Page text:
SB 863 was signed by California’s Governor back in October but with an official start date of January 1, 2013. For that reason and just because I don’t trust either the legislature or the courts to change their minds, I thought I would wait until now to start talking about what is good, what is bad and what is downright ugly.
Let’s Start With A Good…
In 1917, the first Industrial Accident and Safety Act went into effect. There were lots of pieces, but one that has endured the test of time is the one that allows an injured employee to choose to be treated by his own consulting or attending physician, at the employee’s own expense. The current version of that section is now Labor Code Section 4605 (until 1/1/2013). In my mind, it has been used, or should I say abused, over the past years with an ongoing controversy over this section and what it really means.
There are two major issues surrounding this section of the code. The first has been the question of who is really responsible to pay the bill. The second is whether or not the non-Medical Provider Network doctors’ reports are admissible in court. Well, thanks to an energetic applicants’ attorney (A/A) named Mendoza, both of these issues became ripe for the courts with the recent 2012 Valdez case.
First, I must note that there was a viable Medical Provider Network in place at the time of the injury. The employee initially went to the carrier’s Medical Provider Network doctor, but he also self-procured his own, non-Medical Provider Network doctor.
The carrier objected on the basis that the Medical Provider Network controlled all medical treatment. However, the trial judge admitted and relied totally on the report of the self-procured, non-Medical Provider Network doctor in making his decision as to compensability and the amount that would be due the injured employee. This matter was then taken up by the Workers’ Compensation Appeals Board who reversed the trial judge not once but twice.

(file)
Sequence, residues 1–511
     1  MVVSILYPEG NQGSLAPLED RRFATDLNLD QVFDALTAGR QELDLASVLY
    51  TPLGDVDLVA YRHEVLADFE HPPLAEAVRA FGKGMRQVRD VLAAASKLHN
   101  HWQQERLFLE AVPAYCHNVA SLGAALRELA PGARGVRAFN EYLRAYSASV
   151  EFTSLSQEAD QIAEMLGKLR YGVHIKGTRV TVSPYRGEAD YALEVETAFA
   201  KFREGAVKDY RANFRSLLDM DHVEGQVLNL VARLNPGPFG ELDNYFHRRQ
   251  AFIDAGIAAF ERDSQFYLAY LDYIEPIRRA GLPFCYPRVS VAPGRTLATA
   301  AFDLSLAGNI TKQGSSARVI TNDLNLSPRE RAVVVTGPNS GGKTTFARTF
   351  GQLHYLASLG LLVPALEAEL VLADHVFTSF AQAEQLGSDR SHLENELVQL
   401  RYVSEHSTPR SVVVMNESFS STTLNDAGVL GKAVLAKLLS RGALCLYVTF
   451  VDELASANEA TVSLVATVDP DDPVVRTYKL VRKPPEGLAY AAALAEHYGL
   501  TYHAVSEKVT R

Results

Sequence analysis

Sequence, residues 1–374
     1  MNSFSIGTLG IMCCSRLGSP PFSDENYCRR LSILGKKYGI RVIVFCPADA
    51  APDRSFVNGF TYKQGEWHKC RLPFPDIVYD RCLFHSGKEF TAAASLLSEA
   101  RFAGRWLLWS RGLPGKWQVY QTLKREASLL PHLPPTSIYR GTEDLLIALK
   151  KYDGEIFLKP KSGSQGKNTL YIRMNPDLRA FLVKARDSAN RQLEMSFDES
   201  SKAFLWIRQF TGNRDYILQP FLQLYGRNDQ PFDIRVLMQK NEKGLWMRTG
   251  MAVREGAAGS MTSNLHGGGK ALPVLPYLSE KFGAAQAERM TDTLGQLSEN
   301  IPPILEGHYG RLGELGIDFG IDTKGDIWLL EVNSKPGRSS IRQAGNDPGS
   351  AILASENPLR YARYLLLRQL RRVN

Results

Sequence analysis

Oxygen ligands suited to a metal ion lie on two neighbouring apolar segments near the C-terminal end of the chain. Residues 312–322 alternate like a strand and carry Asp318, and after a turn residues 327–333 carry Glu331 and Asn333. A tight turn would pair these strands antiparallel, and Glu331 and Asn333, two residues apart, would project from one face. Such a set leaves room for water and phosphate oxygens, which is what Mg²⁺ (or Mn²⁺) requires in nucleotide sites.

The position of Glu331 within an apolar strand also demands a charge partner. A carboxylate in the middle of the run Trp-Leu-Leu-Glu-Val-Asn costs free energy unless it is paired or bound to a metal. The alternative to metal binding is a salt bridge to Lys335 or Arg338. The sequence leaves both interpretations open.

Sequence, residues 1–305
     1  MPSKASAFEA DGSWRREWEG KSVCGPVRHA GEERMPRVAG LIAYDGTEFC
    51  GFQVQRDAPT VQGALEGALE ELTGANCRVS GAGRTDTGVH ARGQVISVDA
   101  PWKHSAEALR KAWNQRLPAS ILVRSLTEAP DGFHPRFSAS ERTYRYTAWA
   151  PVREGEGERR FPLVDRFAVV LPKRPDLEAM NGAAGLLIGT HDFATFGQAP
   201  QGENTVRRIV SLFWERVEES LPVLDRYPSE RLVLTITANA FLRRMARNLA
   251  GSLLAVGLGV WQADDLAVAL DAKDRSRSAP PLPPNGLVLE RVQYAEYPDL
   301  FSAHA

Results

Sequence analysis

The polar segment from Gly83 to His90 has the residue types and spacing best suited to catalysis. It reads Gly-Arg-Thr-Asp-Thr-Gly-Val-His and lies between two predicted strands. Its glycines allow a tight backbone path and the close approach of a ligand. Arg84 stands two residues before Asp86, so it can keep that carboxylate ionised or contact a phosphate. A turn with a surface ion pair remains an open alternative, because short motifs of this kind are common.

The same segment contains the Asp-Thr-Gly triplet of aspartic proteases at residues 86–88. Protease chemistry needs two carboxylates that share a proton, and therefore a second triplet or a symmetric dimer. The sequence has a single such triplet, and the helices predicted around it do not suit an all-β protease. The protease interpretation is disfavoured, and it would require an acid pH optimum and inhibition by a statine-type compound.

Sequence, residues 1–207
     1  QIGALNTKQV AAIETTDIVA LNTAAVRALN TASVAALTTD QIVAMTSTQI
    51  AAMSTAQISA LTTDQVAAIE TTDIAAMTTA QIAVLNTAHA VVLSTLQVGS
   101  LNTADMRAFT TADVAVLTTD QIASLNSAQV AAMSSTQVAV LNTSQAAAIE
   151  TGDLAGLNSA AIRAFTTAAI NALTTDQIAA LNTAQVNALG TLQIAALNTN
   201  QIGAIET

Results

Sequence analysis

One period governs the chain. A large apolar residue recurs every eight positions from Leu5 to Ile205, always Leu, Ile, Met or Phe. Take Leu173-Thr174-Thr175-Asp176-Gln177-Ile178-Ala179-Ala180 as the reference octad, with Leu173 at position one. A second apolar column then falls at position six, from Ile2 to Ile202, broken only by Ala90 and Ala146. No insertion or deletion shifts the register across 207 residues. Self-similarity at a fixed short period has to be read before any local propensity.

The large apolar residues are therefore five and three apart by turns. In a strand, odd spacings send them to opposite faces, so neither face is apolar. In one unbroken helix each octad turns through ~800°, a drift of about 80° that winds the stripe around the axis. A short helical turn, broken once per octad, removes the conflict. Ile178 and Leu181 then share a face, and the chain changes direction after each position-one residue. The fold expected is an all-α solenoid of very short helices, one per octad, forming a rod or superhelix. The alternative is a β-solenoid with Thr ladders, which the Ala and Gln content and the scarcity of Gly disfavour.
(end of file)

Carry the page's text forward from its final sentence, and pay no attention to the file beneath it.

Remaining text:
However, Mr. Valdez’ attorney was not letting go so easily. So the matter was then taken up by the Court of Appeals who agreed with the Workers’ Compensation Appeals Board. Mr. Mendoza was still not satisfied and took the matter to the California Supreme Court for consideration. The matter has been accepted by the Supreme Court and we await their decision which I predict will be in our favor.
However, while all of this was going on in the courts, the legislature was in the process of passing SB 863, which has some interesting changes … one of which is directly related to this issue. To put it in perspective, you must understand the current language of 4605 which reads as follows:
L/C 4605 — Consulting or attending physicians provided at employee’s expense. Nothing contained in this chapter shall limit the right of the employee to provide, at his own expense to a consulting or attending physicians whom he desires.
As noted above, one of the problems has been who has been paying the non-Medical Provider Network doctors’ fees. Up to this point in time, the applicant’s attorneys have been burying these costs when they send the injured employees to their doctors. The doctors are instructed to treat and to then file a lien for their fees which are normally dealt with at the time the claim itself is decided. I am sorry to say, that in the end, the carriers have rolled over and have been picking up these costs without a fight. This, even when there is a valid Medical Provider Network in place and all such services by the non-Medical Provider Network doctor should be objected to and paid for by either the injured employee or better yet, his attorney.